randomly displayed content. A CMS should provide functionality for the most common dynamic tools,
either built into the system or as an optional add
-
on.

Areas of Inapplicability

There are websites
at UW
containing dynamic web applications that would not be affected by the
introduction of a CMS.


These would include:



C
orporate applications such as the Peoplesoft HR and student systems



L
earning managem
ent systems such as Angel



C
ollaboration tools such as SharePoint and wikis



T
he document management system (DMS)



O
ther large
-
scale custom applications such as JobMine

Benefits and Risks

Benefits of CMS Implementation

This section outlines potential benefits

of CMS implementation at UW. The potential benefits are
organized by
the principles for web
content management
at UW
th
at are identified in this report
. Other
potential benefits and caveats are also listed

in this section
.

Potential Benefits

1.

Separation o
f presentation and navigation from content
:

a.

The architecture of CMSs is based on a separation of presentation from content
.

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2.

Ease of maintenance
:

a.

Better specialization of roles allows website designers and developers to focus on design and
functional enhanc
ements while

web
-
content contributors focus on authoring and updating
the
content of web pages.

b.

C
ontent contributors can update the content on web pages without requiring technical
expertise or relying on someone with technical expertise
.

c.

Fine
-
grained p
erm
issions make it possible to give people access to only the web pages they
need to work on
.

d.

A CMS is able to track content changes and roll back to a previous version if necessary
.

e.

The design of a web
page template is
managed separately from the web
-
page co
ntent
making it easier for website designers to apply changes to templates
.

f.

A standard university
-
wide technology
optmizes technical support,
staff training
, and more
shared implementation.

g.

An overall increase in

ease of maintenance can lead to faster, mor
e efficien
t and timely
publication of website content.

Caveat
: Adequate staff
training is required for the successful implementation and long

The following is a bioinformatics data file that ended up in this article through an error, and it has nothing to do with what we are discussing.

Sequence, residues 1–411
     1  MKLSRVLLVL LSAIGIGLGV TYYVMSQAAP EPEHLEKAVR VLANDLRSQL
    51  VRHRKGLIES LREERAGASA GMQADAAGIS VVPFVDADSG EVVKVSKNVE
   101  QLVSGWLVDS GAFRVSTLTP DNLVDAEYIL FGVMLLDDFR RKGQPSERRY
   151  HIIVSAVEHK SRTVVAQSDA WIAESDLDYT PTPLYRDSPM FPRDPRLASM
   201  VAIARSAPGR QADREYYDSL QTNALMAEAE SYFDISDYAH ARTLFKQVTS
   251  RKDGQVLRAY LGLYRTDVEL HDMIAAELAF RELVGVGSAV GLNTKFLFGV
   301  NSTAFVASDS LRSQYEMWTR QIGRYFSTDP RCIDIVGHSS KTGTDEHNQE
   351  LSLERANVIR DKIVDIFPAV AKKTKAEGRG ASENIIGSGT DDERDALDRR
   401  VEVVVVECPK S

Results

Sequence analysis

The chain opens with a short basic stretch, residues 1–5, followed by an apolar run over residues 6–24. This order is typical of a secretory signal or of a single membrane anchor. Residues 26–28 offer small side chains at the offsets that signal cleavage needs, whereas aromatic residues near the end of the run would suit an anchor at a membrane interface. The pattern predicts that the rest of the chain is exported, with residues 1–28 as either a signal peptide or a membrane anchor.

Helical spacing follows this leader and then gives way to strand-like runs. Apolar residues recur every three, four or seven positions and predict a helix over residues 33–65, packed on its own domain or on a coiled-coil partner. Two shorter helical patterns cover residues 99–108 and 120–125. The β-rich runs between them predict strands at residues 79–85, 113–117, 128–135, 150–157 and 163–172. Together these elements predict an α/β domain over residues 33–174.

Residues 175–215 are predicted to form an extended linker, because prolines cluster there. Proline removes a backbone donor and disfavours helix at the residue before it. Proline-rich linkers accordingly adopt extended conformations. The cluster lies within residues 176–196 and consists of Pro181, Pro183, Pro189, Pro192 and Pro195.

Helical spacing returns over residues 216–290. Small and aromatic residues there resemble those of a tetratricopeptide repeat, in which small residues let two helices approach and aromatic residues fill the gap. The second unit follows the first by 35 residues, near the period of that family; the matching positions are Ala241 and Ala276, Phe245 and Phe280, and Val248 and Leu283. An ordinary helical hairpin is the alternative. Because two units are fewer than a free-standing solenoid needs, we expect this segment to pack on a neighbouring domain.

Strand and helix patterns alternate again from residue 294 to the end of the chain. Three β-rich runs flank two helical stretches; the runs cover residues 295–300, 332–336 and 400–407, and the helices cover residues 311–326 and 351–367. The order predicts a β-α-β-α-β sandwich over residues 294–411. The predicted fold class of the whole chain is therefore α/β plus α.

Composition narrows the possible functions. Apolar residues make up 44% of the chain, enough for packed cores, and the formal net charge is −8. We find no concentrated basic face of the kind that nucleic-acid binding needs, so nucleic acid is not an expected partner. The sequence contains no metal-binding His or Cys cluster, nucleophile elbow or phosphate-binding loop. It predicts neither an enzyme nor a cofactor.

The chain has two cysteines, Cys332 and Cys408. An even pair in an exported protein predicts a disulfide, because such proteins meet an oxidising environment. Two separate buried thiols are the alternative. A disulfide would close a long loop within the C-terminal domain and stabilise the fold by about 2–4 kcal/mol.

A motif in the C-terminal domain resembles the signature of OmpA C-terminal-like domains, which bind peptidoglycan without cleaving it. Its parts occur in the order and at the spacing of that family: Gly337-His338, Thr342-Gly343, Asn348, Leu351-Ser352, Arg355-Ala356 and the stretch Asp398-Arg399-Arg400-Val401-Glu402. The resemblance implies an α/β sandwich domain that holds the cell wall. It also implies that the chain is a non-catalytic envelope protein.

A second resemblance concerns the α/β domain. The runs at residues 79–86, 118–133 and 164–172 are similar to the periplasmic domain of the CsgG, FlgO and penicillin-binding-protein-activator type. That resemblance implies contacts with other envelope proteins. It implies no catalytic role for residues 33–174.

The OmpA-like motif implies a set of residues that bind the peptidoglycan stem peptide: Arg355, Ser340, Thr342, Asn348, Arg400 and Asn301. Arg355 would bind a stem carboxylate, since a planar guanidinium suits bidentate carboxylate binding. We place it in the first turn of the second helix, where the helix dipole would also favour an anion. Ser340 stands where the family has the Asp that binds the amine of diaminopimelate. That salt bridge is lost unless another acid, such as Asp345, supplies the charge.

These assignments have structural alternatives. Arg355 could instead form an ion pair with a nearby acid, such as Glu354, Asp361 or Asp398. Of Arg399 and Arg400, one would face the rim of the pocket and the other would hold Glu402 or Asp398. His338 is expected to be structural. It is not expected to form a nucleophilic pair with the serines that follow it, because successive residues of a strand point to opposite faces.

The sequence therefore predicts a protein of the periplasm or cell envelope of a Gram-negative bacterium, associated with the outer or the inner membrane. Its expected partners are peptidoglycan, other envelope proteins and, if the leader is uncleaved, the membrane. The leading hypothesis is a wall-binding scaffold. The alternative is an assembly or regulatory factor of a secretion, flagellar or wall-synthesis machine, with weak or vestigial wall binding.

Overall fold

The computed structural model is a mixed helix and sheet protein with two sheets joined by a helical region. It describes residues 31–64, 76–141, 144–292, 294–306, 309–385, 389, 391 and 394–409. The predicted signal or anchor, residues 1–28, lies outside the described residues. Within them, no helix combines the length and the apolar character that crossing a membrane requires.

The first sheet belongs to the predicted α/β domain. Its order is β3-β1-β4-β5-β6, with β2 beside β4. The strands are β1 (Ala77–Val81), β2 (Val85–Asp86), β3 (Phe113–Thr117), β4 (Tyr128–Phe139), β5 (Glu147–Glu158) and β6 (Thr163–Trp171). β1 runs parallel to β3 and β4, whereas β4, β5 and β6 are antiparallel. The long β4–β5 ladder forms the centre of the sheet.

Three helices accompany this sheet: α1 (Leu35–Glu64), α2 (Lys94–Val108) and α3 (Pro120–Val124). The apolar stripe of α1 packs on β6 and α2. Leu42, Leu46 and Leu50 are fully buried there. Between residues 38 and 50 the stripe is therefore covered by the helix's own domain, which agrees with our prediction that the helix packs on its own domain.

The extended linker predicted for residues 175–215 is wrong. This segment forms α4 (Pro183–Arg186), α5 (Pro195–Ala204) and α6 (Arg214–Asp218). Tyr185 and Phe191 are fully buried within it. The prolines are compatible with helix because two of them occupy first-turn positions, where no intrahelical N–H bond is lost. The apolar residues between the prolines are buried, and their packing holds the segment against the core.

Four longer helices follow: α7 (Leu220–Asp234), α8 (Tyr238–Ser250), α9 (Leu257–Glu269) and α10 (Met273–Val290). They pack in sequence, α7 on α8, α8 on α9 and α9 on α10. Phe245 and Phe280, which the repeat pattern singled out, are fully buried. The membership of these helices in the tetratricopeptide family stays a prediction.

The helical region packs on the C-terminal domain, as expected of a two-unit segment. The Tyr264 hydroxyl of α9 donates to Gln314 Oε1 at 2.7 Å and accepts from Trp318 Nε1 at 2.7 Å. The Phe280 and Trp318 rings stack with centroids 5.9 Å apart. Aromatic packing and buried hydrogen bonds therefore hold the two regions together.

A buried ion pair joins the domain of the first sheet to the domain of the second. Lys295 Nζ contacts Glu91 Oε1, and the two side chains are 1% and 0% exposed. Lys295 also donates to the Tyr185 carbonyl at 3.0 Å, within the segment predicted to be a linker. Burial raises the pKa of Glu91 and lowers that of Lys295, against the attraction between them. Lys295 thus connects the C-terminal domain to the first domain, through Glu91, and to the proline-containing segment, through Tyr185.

-
term use
of a CMS
.

3.

Implementation and response to
UW

changes
:

a.

Since content and presentation are separate
, content

can
be moved around
more easily
when organizational needs change
.

4.

Distributed
web
content management
:

a.

Area experts remain in control of their own website content enabling the development of
content that is relevant to their area within
UW

and to their web
site visitors
.

b.

Many CMSs allow for a degree of local customization of websites in are
as such as user
permissions and
design
modifications even though many elements of the websites within the
CMSs are
controlled centrally.

Caveat
: A CMS does not solve probl
ems with poor writing and layout of web

page content
.
P
roper training of staff in writing content for the web is required

to help mitigate the risk of poor
content development and publication.

5.

Integrated web presence
:

a.

Branding is controlled by centralized
templates that can be updated and deployed eas
ily
across UW’s web
space
. C
entrally controlled design ensures that all websites within the CMS
maintain a consistent UW
-
branded look
.

b.

A better visitor experience can be achieved with a CMS through a more consi
stent design of
UW websites
in combination

with
web
-
page
content
developed by units within UW that is
tailored to meet the needs of the units and the units’ target audiences.

Caveat
:
It is feasible to achieve a
n integrated

web presence through
internal com
munications
with

and training for members of the UW web community
along with

more strictly defined

and
enforced

CLF standards
. This relies heavily on acceptance and adoption of common practices
and standards by members of the UW web community.

6.

Response to
external technological/legislative changes
:

a.

Since templates are
controlled
centrally
with a CMS, it is easier to make system
-
wide
updates if technology needs change (e.g. web browsers,
or
CSS standards)
.

Caveat
: Th
is is

depend
ent upon choosing a CMS

that
keeps up with the latest in web
development
.


7.

Implementation of enhanced/extended functionality
:

a.

Enhanced and extended functionality can be ac
hieved within a CMS or via

plug
-
ins
. T
his
allows website developers to easily implement advanced features such as

RSS feeds, photo
galle
ries, blogging tools and more. T
his is often as easy as turning on a setting within the
CMS
.

b.

Most large CMSs also include an extendable framework that allows developers to build their
own add
-
ons to the CMS. Some open source systems
also have a modular architecture that
encourages developers to share their add
-